where the square brackets \([\cdot ]\) indicate \(3\times 3\) submatrices in the matrix A with j and k being the row and the column indices, respectively. We denote \(\zeta _{kj}=\omega _{D}-\left( E_{k}^{\left( 1\right) }-E_{j}^{\left( 0\right) }\right) \) for the detuning between the driving and the dressed states. Since A is integrable, then solving the linear system for \(\{c_{j},d_{j}\}\) and expanding the dressed states by using the bare states in Eq. (16), one can find the expansion coefficients \(\gamma \) of the state vector

$$\begin{aligned} |\psi (t)\rangle=& {} \gamma _{A}^{(0)}\left( t\right) |e,0,g\rangle +\gamma _{C}^{(0)}\left( t\right) |g,1,g\rangle +\gamma _{B}^{(0)} \left( t\right) |g,0,e\rangle \nonumber \\&+\,\gamma _{A}^{(1)}\left( t\right) |e,1,g\rangle +\gamma _{C}^{(1)} \left( t\right) |g,2,g\rangle +\gamma _{B}^{(1)} \left( t\right) |g,1,e\rangle \end{aligned}$$

back in the bare state space.

Evolution of the state vector

To see that the evolution of the state vector can initiate the synchronization of the two delocalized qubits, we assume the cavity mode is initially driven by the external field to reach a partial population inversion while setting the qubits initially at the ground. In other words, the expansion coefficients at the initial moment are: \(\gamma _{C}^{\left( 0\right) }=\sqrt{0.9}\), \(\gamma _{C}^{\left( 1\right) }=\sqrt{0.1}\), and \(\gamma _{A}^{\left( 0\right) }=\gamma _{B}^{\left( 0\right) }=\gamma _{A}^{\left( 1\right) }=\gamma _{B}^{\left( 1\right) }=0\).

We plot out the evolutions of these coefficients in Fig. 2, using the experimentally accessible parameters of superconducting charge-phase qubits40: \(\Omega _{A}/2\pi =\Omega _{B}/2\pi =6.1\) GHz, \(\eta _{A}/2\pi =\eta _{B}/2\pi =500\) MHz, and \(\omega _{c}/2\pi =6.32\) GHz. The frequency of the external field is maintained at \(\omega _{D}/2\pi =5.3\) GHz. The lower set of states with \(n=0\) is given in Fig. 2a whereas the upper set with \(n=1\) is given in Fig. 2b. Note that, for the implementation of cavity QED system on a superconducting circuit, the cavity field refers to the standing microwave field that is sustained in the stripline (Cf. Fig. 1) and coupled capacitively to the Josephson-junction qubit. Hence, by distancing qubits and placing them at different positions relative to the cavity nodes, it is possible to realize arbitrary cavity-qubit interactions. For instance, maximal coupling can be obtained by placing the qubits at antinodes42.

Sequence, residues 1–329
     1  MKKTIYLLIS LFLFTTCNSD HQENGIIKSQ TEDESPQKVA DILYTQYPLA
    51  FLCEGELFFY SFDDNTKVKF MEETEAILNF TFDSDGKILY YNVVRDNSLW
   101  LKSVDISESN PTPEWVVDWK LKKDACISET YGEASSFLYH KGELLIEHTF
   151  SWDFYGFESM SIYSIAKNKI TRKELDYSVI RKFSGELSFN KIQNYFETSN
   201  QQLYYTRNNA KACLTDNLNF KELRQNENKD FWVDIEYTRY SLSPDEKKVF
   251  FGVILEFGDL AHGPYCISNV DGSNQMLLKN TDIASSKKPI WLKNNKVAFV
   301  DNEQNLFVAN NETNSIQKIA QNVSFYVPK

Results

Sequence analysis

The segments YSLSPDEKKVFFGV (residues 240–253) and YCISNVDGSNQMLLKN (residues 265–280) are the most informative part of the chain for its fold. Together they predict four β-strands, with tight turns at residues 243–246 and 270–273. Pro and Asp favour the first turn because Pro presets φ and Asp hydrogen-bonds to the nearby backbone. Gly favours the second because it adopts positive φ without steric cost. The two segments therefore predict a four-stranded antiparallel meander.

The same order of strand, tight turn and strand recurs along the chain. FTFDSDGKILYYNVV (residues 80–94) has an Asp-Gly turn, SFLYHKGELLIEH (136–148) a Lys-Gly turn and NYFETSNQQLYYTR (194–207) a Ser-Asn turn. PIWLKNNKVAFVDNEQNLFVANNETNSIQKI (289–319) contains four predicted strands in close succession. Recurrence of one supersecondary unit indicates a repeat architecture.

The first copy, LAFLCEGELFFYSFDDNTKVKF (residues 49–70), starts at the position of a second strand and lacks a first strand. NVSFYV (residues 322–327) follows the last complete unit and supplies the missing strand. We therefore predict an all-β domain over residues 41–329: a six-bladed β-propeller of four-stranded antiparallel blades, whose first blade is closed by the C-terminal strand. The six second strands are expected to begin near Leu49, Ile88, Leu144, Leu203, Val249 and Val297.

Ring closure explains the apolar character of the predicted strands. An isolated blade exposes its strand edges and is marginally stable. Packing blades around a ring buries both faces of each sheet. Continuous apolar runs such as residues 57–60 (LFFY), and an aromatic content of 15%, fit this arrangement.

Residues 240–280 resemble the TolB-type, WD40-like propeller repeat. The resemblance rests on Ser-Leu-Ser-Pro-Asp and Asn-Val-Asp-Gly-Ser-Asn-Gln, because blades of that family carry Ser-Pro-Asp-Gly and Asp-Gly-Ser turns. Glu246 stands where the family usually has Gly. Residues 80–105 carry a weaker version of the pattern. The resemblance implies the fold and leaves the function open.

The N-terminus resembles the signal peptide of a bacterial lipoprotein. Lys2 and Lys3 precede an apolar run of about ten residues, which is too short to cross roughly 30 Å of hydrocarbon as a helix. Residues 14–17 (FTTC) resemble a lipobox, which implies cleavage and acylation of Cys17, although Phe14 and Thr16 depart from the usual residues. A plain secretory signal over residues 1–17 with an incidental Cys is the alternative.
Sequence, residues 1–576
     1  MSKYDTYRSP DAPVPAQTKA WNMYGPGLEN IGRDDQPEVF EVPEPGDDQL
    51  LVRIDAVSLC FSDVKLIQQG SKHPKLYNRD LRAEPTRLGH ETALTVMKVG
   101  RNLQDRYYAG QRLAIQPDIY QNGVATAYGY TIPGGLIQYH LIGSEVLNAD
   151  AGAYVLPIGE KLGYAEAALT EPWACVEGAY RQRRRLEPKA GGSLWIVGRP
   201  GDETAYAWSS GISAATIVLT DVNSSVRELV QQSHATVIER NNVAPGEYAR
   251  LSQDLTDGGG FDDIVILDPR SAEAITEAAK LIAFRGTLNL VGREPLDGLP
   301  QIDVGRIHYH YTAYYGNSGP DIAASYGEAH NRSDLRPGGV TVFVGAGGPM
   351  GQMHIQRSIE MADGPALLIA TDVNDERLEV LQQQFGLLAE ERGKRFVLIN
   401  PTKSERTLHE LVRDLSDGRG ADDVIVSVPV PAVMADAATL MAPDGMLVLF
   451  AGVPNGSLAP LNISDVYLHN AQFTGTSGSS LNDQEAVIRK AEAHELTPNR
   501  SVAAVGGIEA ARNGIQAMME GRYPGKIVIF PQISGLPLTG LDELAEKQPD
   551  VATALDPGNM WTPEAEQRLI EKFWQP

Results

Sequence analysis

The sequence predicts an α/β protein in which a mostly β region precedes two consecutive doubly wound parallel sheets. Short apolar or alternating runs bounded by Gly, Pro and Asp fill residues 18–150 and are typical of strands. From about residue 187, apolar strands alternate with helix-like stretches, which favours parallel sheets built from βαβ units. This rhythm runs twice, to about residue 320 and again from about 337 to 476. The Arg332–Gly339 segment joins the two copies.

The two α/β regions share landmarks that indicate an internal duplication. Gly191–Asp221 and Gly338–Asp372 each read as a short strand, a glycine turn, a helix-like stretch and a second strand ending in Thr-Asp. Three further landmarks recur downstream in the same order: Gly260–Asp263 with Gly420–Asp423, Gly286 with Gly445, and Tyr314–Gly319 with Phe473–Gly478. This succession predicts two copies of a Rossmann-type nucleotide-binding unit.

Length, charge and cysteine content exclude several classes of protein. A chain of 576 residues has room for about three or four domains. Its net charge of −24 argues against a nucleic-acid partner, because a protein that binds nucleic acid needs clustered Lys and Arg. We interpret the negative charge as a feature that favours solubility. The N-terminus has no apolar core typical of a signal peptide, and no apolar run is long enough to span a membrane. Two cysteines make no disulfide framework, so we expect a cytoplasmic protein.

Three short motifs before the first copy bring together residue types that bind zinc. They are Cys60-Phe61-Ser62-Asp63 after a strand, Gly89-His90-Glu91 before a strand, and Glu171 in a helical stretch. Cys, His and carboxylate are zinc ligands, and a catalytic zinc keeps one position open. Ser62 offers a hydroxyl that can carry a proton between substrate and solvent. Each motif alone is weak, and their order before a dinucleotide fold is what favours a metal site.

We observe that for both the lower set and the upper set of states, there exists a transition point of the oscillations of the coefficients, which is located at about \(3.7\mu \mathrm {s}\) in the plots. In particular, \(\gamma _{C}^{\left( 0\right) }\) is transited from a region of shrinking oscillation to a region of small fluctuation at this point. Meanwhile, \(\gamma _{A}^{\left( 1\right) }\),\(\gamma _{B}^{\left( 1\right) }\), and \(\gamma _{C}^{\left( 1\right) }\) are transited from an amplifying region to a region of saturated oscillation envelope. The contrasting behavior of the two sets of coefficients demonstrates that the energy excitation that exists in the cavity mode is transferred to the left and the right qubits whose complementary oscillations imply the build-up of the entanglement between them.

Figure 2

The time evolutions of the six expansion coefficients: (a) for \(n=0\); (b) for \(n=1\). The red, the blue, and the yellow curves associate with the state \(|e,n,g\rangle \), \(|g,n+1,g\rangle \), and \(|g,n,e\rangle \), respectively.

Bipartite and tripartite concurrences

To fully capture the evolution characteristics of the two cavity-coupled qubits from a holistic point of view, we apply two entanglement measures—bipartite concurrence and tripartite concurrence—to the state vector of the total system.

The bipartite concurrence quantifies the inseparability of the joint pure state of two coupled systems of arbitrary dimensions by inverting the density matrix. For our case here, the joint state is the product state \(|\psi _{AB}\rangle \) of the indirectly coupled left and right qubits. Thus the inversion is conducted through the superoperator \(S_{D_{1}}\otimes S_{D_{2}}\) where the dimensions \(D_{1}=D_{2}=2\) and the bipartite concurrence is defined as \(C_{2}(\psi _{AB})=\sqrt{\langle \psi _{AB}|S_{2}\otimes S_{2}\left( |\psi _{AB}\rangle \langle \psi _{AB}|\right) |\psi _{AB}\rangle }\). Given the consideration of pure states, for which \(\mathrm {tr}\rho ^{2}=1\) and \(\mathrm {tr}\rho _{A}^{2}=\mathrm {tr}\rho _{B}^{2}\), the definition reduces to \(C_{2}(\psi _{AB})=\sqrt{2\left[ 1-\mathrm {tr}\left( \rho _{A}^{2}\right) \right] }\) where \(\rho _{A}=\mathrm {tr}_{B}\left( \mathrm {tr}_{C}\left( |\psi \rangle \langle \psi |\right) \right) \) is the reduced density matrix of the left qubit.

Applying \(|\psi \left( t\right) \rangle \) in Eq. (20) to the formula, we derive the evolution of the bipartite concurrence, shown as the blue curve in Fig. 3. It becomes apparent that the transition point that manifests in Fig. 2a,b signifies the concurrence reaching a maximum after a gradual monotonic increase in the oscillation envelope. This maximum concurrence is retained thereafter. The finite delay time \(\tau _{D}=3.7\mu \mathrm {s}\) that the concurrence spends to reach its maximal value reflects the time the two qubits use to reach a maximal synchronization through their mutual couplings to the cavity mode.

Figure 3